mailing list archives
RE: Interesting One
From: Rygg Christian <christian.rygg () edb com>
Date: Thu, 31 Oct 2002 09:27:53 +0100
Any chance of making it less maths independant, for those of us who prefer
From: Dora Furlong [mailto:sparrowh () deathstar org]
Sent: Wednesday, October 30, 2002 4:48 AM
To: security-basics () security-focus com
Subject: RE: Interesting One
Hmm this is an interesting topic.....considering overwrites are dependant
upon one frequency signal overwriting the previously written pattern.
If the write current is too high it produces fringing fields at edge of
the head pole track widths... typically overwrite values kept below
IE A pattern of f1 is written at low freq amplitude averages a1
A pattern of F2 now written at higher freq and on same track over old
residual signal at freq f1 is measured with band pass filter or a spec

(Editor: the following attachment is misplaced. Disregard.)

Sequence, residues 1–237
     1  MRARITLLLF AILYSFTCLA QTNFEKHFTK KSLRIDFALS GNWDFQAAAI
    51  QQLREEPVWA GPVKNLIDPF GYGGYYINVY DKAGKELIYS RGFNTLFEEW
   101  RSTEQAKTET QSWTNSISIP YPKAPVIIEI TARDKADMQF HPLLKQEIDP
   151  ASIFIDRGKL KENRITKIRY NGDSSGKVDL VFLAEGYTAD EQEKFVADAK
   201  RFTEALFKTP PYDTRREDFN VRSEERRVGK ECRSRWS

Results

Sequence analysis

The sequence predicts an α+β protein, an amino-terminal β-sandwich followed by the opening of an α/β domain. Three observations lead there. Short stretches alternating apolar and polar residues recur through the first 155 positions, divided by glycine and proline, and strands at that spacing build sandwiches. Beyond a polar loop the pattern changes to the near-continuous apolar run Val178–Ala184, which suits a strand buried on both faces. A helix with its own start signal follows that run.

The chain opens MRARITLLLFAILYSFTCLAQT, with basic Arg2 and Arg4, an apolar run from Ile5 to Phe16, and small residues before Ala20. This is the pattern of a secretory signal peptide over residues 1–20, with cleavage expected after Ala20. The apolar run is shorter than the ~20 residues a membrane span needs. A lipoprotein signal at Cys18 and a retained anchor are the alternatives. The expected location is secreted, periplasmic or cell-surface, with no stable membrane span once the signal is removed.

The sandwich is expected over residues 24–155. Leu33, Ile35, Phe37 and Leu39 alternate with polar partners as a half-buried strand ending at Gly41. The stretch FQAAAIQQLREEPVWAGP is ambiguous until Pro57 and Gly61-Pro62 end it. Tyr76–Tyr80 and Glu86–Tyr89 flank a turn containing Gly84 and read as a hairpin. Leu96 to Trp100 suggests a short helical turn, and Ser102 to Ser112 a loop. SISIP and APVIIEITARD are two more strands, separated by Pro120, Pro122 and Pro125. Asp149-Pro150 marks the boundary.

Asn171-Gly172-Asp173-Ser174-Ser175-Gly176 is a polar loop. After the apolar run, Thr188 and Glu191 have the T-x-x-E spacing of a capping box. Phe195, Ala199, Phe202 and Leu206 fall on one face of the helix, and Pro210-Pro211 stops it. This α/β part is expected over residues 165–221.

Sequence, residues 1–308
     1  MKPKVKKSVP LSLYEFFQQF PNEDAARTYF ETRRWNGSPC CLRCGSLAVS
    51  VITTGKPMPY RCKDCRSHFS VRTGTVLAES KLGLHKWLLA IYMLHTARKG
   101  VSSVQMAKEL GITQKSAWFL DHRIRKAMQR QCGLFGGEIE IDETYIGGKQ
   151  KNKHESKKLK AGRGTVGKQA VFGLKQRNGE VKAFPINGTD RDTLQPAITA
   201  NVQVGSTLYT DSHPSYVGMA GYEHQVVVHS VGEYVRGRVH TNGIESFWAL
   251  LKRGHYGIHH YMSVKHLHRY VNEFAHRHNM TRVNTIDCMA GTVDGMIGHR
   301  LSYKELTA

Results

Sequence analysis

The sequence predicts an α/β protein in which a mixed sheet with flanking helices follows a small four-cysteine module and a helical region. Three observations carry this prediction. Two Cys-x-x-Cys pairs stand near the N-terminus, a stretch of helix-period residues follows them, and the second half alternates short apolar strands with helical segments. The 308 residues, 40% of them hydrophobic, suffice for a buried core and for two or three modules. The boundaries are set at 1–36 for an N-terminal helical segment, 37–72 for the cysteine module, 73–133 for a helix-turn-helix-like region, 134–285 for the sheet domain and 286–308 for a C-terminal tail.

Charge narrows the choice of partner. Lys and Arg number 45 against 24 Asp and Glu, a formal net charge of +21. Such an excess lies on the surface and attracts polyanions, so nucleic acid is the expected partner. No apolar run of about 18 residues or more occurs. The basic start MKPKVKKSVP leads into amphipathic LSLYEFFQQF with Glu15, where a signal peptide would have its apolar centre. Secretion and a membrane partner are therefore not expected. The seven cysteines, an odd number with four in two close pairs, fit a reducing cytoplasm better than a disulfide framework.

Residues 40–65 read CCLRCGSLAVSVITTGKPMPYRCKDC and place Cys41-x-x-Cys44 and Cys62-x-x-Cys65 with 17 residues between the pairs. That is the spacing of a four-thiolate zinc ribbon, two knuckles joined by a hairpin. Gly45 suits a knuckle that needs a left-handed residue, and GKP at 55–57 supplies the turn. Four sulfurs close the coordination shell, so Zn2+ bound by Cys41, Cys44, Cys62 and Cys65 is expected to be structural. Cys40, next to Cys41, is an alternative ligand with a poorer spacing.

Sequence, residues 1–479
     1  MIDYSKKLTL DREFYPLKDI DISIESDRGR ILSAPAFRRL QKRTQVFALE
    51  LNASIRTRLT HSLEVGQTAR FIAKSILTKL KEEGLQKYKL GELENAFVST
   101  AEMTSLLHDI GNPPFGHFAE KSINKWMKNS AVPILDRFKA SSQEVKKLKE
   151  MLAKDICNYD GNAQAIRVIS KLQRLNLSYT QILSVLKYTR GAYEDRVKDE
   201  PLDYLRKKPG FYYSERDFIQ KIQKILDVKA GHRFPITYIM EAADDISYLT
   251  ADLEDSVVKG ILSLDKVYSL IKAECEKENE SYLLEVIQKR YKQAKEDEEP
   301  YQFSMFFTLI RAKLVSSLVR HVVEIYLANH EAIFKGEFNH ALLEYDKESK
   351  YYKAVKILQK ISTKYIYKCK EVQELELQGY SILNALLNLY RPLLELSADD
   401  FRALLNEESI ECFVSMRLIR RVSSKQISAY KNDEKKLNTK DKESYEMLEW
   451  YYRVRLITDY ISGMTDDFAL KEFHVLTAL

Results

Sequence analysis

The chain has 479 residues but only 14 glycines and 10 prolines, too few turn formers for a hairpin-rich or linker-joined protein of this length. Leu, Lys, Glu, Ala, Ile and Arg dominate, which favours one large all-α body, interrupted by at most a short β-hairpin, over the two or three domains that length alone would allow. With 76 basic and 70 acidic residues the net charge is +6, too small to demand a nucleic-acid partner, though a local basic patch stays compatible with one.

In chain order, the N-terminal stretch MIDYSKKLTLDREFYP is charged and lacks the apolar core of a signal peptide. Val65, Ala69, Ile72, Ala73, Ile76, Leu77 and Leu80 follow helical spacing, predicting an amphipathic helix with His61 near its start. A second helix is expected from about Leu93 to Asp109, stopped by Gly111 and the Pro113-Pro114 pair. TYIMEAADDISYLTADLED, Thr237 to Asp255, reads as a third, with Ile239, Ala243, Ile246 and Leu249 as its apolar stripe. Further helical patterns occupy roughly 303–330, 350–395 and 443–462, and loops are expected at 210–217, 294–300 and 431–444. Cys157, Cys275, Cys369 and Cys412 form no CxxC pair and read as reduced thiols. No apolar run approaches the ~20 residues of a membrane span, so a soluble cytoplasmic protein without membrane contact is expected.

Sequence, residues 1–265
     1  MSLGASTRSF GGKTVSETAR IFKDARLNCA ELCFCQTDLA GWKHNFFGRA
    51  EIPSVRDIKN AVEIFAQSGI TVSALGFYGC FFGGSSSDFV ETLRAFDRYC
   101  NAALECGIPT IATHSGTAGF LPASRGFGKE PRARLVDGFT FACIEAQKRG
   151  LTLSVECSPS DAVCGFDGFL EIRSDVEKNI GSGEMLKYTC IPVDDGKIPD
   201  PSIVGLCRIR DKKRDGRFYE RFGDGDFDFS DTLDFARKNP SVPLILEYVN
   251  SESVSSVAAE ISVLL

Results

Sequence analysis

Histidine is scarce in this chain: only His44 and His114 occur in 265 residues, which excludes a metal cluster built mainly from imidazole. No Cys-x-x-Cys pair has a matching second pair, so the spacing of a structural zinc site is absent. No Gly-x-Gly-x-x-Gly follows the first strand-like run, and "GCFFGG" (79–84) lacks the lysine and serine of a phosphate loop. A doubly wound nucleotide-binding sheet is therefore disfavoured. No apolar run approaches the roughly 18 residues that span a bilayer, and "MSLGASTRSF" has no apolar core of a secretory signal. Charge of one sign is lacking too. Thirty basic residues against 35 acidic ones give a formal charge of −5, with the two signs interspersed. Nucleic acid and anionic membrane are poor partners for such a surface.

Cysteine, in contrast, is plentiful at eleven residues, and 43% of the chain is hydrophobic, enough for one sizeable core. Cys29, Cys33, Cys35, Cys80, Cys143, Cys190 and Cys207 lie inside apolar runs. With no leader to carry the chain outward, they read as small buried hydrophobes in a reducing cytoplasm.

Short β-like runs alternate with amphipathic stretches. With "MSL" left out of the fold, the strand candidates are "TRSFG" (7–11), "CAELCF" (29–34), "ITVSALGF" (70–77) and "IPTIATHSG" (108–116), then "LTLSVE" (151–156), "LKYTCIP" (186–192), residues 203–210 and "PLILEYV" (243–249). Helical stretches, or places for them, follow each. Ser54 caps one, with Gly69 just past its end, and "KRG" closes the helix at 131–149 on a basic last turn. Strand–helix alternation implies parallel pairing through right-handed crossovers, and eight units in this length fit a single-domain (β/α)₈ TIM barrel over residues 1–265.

analyzer.... Now we have average amplitude of a2
overwrite ratio calculated as 20log(a2/a1), which reflects the ability of
a new data patern to supress the old data previously overwritten on the
Given today's technology and working the above calculation at 30
overwrites....Noise is left...
Also any sideband harmonics that could be picked up by that point are
completely destroyed and after the second overwrite the original
harmonics disappear from the spectrum.
As for track edge effect it becomes jumbled after 30 overwrites...it is
frequency dependant it would be impossible to determine the original
frequency written there.
(Trying to keep this relatively math independant.)
On Tue, 29 Oct 2002, Michael Cunningham wrote:
Anyway, to get to the point, the guy that came to see me said that their
forensics guys could read data off a hard drive that had been written
up to thirty times. I find this very hard to believe and told him I
he was mistaken but the guy was adamant that it could be done.
Yes, it can be done.. it would cost about 100k per drive and the ability
access an electron scanning microscope. At 30 times I highly doubt they
could recover anything of any value anyway. Using most commercially
available products like "Encase", you can recover files that have been
deleted, but not overwritten. Once the data is overwritten you are getting
into using tools which are not available to the general public
as far as I am aware.
One net to rule them all
One net to find them
One net to bring them all
Using Unix to bind them